What exactly does ‘a Hispanic’ look like? Do I need to look like Juan Valdez and sell Folgers in a T.V. commercial, sift my fingers through Colombian coffee beans I picked myself, sitting on the back of my reliable mule, Conchita, next to a brokedown Chiva in an oversized sombrero, — for me to “look” Latino? Or look like “a Hispanic” as you say? And what is “a Hispanic” exactly? I could guess what you mean and assume that it’s a low-priced gardening tool like the one buried in a shed behind your Victorian summer home or that invisible harvesting instrument that picks all of your grapes for you and has to survive on slave wage plantations without unions, bathroom breaks, or vacation. Or maybe when you say “a Hispanic” you mean your stand-in parent? That person who raises your kids for you when you’re tired of being a mom? That mouthless set of infinite hands and knees that scrubs the shit from your toilets and throws away the used condoms when you forget to hide them. And I don’t have a backyard or a lover on the side, or kids for that matter, so maybe I just haven’t had the need yet, but I haven’t come across “a Hispanic” thus far in my life nor have I met “a black,” “a Chinaman,” or “a towel-headed A-rab”anytime recently either, but I have met Latinos proud of the vibrant patch-work quilt we’ve had to weave over centuries across an endless cemetery that cradles our past, a swollen dust underneath our soles – wherever we stand – that we nickname home twisting roots at war, looking for nothing else but to be held – you know “held”? Like a family grasping onto each other because they’ve left behind everything and only have each other left, arriving on Mars without a guidebook or a map. I have met Latinos, who people think are Aboriginal in Patagonia, east Asian in Chile, west African in La República Dominicana, Scandinavian in Argentina, and Native American in Colombia. I have met Latinos who look like Juan Valdez and can’t speak a word of Spanish, others who look like Hillary Duff with a mother who looks like Hillary Clinton that are from Paraguay and teach Spanish grammar in Puerto Rico. Latinos who speak Quechua and nothing else, dance cumbia like the horizon is on fire because of them and now they’re trying to burn tomorrow to the ground. I have met Latinos who cook like their broken English moms and mispronounce their own last names, Colombians who don’t know who Gabriel García Márquez is, dark-skinned Dominicans who hate Haitians because they remind them that they’re African, blue-eyed Cubans who spit poetry about ¡Revolución! and mean it – living in Miami with two parents who lost their mansions in the 1950s to it. I don’t tattoo my body because my veins are already too full with ink, passion-rich pigments that can’t help but pulse and flow look at my heart, you short-sighted fool I mean really look at it – cut open my chest and stare at that proud glow and then ask me if I “look” Latino.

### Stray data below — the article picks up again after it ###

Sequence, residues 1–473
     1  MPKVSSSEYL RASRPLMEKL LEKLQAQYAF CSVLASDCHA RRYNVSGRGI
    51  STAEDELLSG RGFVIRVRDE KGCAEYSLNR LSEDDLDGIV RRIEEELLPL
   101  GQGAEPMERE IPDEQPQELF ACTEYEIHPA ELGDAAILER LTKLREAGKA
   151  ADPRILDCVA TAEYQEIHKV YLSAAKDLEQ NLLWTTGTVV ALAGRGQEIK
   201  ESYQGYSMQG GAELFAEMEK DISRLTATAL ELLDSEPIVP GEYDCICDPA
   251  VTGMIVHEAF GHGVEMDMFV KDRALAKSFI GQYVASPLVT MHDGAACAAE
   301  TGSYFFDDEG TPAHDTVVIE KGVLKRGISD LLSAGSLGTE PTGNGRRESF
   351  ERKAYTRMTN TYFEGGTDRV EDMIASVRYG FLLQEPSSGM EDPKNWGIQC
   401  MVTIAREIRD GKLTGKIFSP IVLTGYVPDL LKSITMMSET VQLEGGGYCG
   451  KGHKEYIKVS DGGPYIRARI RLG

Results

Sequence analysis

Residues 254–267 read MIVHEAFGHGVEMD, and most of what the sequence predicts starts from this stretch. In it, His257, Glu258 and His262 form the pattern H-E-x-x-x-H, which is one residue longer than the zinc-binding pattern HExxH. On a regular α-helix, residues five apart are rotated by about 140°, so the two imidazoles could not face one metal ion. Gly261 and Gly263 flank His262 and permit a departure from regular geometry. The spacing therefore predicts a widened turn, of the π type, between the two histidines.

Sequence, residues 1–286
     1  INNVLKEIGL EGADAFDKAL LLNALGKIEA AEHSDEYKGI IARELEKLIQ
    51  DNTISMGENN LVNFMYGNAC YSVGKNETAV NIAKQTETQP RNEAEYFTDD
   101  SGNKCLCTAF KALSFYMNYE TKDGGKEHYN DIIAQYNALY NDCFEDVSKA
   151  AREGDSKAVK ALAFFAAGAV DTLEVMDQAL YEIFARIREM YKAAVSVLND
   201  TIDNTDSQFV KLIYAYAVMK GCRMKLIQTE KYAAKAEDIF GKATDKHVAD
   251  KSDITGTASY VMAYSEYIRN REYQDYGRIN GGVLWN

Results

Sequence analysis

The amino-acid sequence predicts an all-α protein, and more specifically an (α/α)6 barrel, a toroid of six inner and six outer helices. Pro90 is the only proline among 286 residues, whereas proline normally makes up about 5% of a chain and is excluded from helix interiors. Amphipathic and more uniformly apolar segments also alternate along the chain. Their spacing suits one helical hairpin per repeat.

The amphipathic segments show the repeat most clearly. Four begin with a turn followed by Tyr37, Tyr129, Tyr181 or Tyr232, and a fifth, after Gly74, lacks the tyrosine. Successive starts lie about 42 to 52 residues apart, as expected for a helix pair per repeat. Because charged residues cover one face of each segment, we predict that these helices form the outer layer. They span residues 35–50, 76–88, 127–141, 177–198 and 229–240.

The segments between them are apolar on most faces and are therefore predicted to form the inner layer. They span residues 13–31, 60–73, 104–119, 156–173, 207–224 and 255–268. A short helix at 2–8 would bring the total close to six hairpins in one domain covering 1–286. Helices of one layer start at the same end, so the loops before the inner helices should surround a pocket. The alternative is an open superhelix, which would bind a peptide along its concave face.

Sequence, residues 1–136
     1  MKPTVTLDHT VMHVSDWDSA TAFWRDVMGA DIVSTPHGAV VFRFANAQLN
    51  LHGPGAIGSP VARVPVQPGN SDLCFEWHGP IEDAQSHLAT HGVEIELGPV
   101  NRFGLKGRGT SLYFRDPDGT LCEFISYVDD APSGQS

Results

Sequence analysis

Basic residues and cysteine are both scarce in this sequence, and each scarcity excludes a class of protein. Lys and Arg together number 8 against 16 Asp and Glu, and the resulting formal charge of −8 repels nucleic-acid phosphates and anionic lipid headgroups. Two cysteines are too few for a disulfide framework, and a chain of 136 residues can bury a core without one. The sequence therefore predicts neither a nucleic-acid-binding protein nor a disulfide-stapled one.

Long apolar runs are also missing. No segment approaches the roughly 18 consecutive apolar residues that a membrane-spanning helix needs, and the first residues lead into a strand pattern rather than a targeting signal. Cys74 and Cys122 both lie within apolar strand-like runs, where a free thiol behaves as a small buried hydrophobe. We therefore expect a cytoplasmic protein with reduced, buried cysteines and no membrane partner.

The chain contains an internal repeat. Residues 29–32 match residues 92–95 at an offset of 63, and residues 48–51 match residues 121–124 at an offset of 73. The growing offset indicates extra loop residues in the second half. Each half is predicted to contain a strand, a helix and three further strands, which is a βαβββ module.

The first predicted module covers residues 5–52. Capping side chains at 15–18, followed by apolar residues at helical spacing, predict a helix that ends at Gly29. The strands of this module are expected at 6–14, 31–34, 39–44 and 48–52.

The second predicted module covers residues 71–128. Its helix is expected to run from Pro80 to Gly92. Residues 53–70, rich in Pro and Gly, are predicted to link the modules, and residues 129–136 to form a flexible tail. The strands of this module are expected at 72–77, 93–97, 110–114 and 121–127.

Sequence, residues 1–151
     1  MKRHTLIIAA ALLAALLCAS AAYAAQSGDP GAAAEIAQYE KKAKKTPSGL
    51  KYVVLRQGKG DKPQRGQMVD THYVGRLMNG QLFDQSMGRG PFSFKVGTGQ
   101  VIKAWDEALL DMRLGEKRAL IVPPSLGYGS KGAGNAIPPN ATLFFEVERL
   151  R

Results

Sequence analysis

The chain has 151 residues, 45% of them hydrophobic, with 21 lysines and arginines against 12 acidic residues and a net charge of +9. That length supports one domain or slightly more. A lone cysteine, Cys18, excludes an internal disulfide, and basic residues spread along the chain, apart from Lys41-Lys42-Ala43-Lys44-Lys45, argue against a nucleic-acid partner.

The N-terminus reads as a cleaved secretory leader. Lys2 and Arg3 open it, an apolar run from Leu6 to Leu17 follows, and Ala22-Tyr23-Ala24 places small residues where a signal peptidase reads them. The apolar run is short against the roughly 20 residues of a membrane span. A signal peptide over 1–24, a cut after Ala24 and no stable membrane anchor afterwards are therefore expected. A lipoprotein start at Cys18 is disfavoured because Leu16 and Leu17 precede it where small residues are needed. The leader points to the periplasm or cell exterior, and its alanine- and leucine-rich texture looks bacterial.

I keep like, wanting Stana to mention, “I WAS SHOT. IN THE CHEST.” Doesn’t anyone give her [Beckett] a hard time about ANYTHING? Like, “hey Beckett, can you give us a cup of coffee?” “I WAS SHOT IN THE CHEST.” Really? After something like that you could just do or not do anything that you want. Three months though, that’s a long time. Well I guess that your limitations on getting SHOT. IN THE CHEST.
Seamus Dever, Rise Commentary
(Three Months, You Never Called Scene)
CASTLE SEASON 4 DVD EXTRAS
I was thinking the SAME thing! Give her a break for not calling you, you little teenage boy. She was SHOT IN THE CHEST FOR CHRISTS SAKE.